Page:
In an interview with iTnews, RAND’s Hosack said that the U.S. government’s recent decision to reduce the availability of H1-B skilled immigration visas from the current 195,000 limit to 65,000 is “not a step in the right direction”.

And with the U.S. economic recession yielding unexpected reductions in federal and corporate revenues, Hosack expects R&D spending to be on the decline.

“We view this as a globalised market for science and engineering development. Any country with a serious interest in scientific development is going to be a competitor,” he said, mentioning Europe, Brasil and China as competitors.

But according to NICTA’s Robertson, nations should approach technology R&D as a global collaboration and not a competition.

“The technology research industry is a global one, so we should no longer be thinking in terms of ‘brain drain’ or ‘brain gain’,” he said.

“What matters is the total amount being done in this country, and researchers will have a healthy flow between countries.”

Much of NICTA’s research is conducted in collaboration with research institutes around the world.

An estimated one-third of NICTA’s researchers are from overseas, the attraction of whom Robertson attributes to the organisation’s well-defined research areas, vibrancy, and funding certainty.

On a global scale, however, Australia’s funding of ICT R&D is low when compared with OECD peers.

According to statistics from the Australian Bureau of Statistics, overall funding for R&D is 1.76 percent of the country’s Gross Domestic Product (GDP), which is below an OECD average of 2.26 percent and the European Union’s 2010 target of three percent.

Applied research in ICT accounts for a mere 1.6 percent of the Australian Government’s total expenditure of more than $1.3 billion on applied research across all industries.

“I think there is a growing awareness in Australia that international competitiveness in support for R&D is linked to our future economic success,” Robertson said. “We need to turn this awareness into increased funding for ICT R&D.”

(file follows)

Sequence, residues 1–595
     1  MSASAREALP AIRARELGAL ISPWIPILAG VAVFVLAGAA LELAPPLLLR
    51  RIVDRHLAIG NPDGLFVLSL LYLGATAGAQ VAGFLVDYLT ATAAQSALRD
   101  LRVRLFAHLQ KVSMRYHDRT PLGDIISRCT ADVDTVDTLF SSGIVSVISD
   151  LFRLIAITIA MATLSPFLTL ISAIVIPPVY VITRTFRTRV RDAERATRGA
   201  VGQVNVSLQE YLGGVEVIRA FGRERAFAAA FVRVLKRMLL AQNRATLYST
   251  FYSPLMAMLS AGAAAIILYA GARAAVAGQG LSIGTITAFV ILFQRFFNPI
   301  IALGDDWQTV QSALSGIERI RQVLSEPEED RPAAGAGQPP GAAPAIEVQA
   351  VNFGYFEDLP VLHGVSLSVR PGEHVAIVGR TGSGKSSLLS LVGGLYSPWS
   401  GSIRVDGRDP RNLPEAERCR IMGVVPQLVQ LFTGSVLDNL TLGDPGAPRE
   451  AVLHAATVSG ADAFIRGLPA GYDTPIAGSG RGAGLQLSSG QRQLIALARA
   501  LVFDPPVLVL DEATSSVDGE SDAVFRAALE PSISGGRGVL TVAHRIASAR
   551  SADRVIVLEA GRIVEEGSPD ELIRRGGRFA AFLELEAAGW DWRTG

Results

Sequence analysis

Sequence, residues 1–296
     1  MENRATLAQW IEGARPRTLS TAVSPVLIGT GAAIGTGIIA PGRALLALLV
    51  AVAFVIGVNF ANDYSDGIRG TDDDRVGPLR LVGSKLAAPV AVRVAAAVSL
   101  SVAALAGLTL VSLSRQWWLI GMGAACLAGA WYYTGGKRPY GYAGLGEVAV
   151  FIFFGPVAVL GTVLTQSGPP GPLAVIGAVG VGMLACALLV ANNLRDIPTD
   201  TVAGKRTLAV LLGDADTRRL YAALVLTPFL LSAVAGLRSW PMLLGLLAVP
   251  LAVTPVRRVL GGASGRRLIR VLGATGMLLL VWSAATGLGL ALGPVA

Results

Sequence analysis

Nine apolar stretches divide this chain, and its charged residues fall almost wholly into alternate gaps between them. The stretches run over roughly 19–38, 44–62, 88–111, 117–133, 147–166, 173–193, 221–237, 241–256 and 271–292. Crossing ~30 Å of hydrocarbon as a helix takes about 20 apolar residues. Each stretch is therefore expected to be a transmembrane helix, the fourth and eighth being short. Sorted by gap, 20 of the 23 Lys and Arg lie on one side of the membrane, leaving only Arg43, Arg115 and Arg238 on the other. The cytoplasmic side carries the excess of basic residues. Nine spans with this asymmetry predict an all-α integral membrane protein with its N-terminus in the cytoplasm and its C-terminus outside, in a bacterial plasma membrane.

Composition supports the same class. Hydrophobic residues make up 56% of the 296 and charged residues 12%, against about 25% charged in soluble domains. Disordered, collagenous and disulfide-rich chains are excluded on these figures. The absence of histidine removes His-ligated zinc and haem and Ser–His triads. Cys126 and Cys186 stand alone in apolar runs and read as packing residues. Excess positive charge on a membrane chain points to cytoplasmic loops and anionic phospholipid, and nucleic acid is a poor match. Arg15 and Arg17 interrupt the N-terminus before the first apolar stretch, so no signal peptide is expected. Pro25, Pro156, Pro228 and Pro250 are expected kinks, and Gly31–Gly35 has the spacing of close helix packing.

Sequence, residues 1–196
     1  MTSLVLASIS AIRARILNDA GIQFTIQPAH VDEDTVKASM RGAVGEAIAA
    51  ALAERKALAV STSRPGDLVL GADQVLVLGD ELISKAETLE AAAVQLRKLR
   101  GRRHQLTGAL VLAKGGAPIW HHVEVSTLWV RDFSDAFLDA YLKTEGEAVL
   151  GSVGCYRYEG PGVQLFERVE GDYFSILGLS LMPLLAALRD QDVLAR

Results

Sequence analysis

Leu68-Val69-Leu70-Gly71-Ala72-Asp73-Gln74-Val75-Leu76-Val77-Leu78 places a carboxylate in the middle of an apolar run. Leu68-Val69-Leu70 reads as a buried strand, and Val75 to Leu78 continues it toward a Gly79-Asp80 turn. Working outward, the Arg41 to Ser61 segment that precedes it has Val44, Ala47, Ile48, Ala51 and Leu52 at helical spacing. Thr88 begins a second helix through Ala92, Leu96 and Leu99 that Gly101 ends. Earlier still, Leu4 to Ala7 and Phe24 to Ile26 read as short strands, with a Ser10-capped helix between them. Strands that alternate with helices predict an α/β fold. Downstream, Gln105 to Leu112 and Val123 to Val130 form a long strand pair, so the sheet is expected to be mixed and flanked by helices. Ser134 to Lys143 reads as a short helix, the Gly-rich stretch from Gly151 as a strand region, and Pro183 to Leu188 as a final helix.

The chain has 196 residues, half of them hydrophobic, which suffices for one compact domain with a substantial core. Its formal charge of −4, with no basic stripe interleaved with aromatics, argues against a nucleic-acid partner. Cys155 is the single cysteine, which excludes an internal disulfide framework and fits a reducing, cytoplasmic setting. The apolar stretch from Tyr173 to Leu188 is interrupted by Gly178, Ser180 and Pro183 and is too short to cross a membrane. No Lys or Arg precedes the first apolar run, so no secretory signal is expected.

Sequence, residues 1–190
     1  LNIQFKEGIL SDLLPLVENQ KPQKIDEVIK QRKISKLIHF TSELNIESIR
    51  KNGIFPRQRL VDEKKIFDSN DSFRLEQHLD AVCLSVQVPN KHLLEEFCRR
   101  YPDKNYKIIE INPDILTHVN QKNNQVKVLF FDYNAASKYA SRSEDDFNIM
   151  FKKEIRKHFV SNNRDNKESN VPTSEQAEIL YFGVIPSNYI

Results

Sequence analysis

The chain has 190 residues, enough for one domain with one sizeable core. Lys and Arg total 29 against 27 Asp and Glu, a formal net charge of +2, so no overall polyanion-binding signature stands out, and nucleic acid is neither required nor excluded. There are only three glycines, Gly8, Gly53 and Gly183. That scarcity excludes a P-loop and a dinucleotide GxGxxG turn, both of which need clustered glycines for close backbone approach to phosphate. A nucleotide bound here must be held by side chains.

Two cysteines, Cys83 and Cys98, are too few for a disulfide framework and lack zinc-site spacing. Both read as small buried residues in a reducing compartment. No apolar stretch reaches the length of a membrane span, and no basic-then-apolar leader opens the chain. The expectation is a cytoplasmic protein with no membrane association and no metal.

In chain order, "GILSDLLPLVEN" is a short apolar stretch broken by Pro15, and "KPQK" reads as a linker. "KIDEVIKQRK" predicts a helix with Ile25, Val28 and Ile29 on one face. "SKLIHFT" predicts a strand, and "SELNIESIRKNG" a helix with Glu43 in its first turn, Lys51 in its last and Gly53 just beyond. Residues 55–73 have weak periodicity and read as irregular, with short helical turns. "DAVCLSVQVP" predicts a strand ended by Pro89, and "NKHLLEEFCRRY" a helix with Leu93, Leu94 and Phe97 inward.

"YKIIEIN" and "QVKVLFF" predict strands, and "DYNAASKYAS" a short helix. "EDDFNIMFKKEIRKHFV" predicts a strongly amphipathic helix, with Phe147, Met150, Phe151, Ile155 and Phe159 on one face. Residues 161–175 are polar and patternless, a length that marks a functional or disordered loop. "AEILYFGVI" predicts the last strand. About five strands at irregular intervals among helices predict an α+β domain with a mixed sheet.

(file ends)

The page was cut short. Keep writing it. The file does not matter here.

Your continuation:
“If Australia offers an environment to tackle new and exciting problems in a strategic way we will attract research talent with the drive to make a difference,” he said.

AIIA’s Birks pointed the finger of responsibility at government and industry bodies, which have the opportunity to create an open environment that attracts the investment of global companies.

As in the RAND analysis of the U.S. environment, policy initiatives that stimulate and support infrastructure, workforce and education will be critical to Australia’s success, Birks said.

R&D taxation incentives and industry development programs such as the recently discontinued Commercial Ready scheme also were mentioned as important components in developing an innovative environment.

“While there are many things that we are doing well, I think we are still in middle of the pack in these areas,” Birks said.

“Australia has a recognised talent base and a strong spirit of entrepreneurship that both promote international investment in science and technology leadership in this country.”

“What we need to take advantage of current opportunities, however, is consistent policy and government support across the board to stimulate that investment and Australian innovation in general,” he said.